Reading Summary 1

Reading summary 1: Architectural Exclusion:  Discrimination and Segregation through Physical Design of the Built Environment

In Architectural Exclusion: Discrimination and Segregation through Physical Design of the Built Environment, Sarah Schindler questions why lawmakers who are supposed to create and enforce anti discrimination laws fail to recognize architectural exclusion.  Even though it can be hard to see in everyday life, Schindler points to street grid designs, one way streets, lack of sidewalks and crosswalks, highways, transit stops and even parking permit requirements and how they can shape the demographics of cities and neighborhoods.

Architecture creates exclusion in many ways.  Certain amenities which are featured in residential developments are generally expensive which means most low income families cannot afford them, in turn only giving higher income families access. Physical barriers like bridges can also limit access to places.  In Long Island bridge overpasses were designed to be low enough to prevent buses used at the time from traveling under them.  This limited access of racial minorities and low income individuals using public transportation to Jones Beach.  These bridges were the design of Robert Moses, the city planner who is considered to be the “master builder” of New York (Schindler).  Moses even vetoed a proposed extension of the Long Island Railroad to Jones Beach.  Robert Moses’s biographer suggests the decision was due to “social-class bias and racial prejudice” (Schindler). By building those bridges so low, he excluded individuals from areas that he did not want them.

Another physical example of a barrier is the wall built in 1940 in Detroit known as the Eight Mile Wall.  This wall was constructed to separate an existing black neighborhood from a new white neighborhood. Even the Federal Housing Administration contributed to this by financing only projects that were residentially and racially segregated.  Additionally, high and long fences were shown in the article as examples of these barriers between black and white housing.  Examples of barriers and walls mold traffic patterns as well.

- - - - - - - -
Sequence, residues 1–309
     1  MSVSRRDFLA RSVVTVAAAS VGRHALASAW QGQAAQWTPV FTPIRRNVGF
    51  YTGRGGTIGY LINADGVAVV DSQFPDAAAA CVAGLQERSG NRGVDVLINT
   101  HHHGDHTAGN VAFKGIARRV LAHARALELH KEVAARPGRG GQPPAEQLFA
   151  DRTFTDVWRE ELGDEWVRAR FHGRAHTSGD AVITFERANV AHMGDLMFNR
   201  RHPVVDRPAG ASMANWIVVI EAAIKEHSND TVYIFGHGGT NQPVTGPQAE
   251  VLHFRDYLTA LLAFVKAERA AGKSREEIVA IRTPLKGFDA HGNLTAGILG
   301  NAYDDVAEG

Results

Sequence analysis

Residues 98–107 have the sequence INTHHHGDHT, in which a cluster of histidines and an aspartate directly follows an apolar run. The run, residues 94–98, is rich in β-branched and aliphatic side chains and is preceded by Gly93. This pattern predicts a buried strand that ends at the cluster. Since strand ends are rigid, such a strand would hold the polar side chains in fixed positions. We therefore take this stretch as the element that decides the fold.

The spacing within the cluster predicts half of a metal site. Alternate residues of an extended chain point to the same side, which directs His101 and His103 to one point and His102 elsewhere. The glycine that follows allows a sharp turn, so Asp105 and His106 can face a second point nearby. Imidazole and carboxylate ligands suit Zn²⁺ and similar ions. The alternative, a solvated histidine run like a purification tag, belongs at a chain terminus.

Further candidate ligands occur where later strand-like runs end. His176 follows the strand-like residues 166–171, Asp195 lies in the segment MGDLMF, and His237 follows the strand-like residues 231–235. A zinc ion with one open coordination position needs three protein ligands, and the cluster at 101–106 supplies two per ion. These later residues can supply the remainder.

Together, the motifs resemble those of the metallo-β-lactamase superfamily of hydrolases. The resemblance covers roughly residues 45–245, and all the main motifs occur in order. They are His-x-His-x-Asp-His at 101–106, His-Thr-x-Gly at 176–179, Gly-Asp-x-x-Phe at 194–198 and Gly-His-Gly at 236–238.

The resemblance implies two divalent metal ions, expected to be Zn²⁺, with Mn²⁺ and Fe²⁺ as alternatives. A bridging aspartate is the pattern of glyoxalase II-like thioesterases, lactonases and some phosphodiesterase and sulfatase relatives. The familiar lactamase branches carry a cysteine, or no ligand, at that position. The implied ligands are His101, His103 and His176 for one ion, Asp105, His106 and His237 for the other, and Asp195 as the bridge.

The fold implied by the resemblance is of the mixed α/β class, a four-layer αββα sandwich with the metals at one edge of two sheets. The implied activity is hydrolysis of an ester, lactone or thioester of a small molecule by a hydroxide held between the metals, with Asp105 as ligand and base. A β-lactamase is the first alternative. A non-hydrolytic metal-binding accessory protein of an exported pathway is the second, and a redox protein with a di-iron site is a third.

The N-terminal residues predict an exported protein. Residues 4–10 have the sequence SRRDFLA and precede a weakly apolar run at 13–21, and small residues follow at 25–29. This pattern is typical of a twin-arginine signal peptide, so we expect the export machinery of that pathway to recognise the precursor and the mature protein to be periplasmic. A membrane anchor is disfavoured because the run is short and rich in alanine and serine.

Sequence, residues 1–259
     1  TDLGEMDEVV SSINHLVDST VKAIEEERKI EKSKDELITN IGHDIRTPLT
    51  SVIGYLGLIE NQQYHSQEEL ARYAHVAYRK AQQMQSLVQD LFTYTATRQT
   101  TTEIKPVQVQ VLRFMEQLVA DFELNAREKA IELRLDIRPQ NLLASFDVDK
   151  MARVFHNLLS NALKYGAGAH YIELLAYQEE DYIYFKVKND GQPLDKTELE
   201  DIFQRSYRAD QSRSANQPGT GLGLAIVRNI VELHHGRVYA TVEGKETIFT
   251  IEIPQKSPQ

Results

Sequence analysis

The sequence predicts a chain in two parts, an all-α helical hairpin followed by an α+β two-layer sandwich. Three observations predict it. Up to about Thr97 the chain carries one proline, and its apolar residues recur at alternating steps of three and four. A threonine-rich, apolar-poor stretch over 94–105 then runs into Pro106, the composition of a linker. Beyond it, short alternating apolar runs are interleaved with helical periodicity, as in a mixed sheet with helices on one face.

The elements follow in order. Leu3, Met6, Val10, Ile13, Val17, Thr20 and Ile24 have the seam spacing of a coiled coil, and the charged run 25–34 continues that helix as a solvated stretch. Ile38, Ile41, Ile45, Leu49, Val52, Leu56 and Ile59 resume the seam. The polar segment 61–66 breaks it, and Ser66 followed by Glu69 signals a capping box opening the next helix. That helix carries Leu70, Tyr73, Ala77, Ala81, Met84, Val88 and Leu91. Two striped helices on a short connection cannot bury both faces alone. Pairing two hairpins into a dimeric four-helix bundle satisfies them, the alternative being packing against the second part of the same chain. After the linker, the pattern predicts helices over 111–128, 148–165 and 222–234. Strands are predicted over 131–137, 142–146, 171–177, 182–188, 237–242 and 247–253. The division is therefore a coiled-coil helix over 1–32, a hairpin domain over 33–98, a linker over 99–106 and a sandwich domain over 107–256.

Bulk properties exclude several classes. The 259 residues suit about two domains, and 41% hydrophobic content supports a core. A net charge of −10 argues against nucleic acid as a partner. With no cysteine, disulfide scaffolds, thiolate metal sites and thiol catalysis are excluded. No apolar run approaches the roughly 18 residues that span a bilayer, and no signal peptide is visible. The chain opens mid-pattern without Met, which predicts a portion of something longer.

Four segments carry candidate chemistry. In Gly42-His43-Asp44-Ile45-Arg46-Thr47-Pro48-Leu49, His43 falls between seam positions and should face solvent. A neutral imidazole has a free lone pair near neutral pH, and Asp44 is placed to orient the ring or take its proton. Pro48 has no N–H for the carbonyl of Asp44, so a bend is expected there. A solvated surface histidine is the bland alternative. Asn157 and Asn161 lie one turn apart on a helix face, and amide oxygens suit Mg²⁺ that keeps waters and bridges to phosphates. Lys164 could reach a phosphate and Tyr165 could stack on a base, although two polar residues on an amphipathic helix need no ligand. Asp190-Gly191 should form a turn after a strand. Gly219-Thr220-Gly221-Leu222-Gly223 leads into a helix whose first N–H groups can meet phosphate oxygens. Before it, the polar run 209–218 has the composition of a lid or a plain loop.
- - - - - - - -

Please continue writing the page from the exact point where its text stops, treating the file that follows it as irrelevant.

Communities also can have a dramatic effect on the mobility of individuals by the design of public transit stops. Rejected proposals to bring Atlanta’s MARTA transit network into suburban communities limits black city residents’ ability to obtain access to more suburban areas and things offered there such as jobs.  Highway routes and road infrastructure have often placed highway off-ramps in order to filter traffic away from wealthy communities.  In many instances highways are built to make places more accessible to cars, but the work was done in areas where poor communities had to be eliminated.  The article also claims that communities rely on confusion techniques to keep people out.  These techniques include one way, dead end and curvy streets, along with confusing signage.

Historically, communities used legal zoning methods and later on covenants to keep minorities out of certain areas. It is still very hard to prove architectural exclusion. It is hard to find solid evidence or prove their intent was to discriminate against a certain group of people. Architectural exclusion is still very common through zoning and public transportation, but it is unlikely the courts will do anything about it because of their current political and judicial environment. Schindler’s article is an attempt to educate those living in and using architecture used to exclude every day in hopes that they will raise a voice to the cause.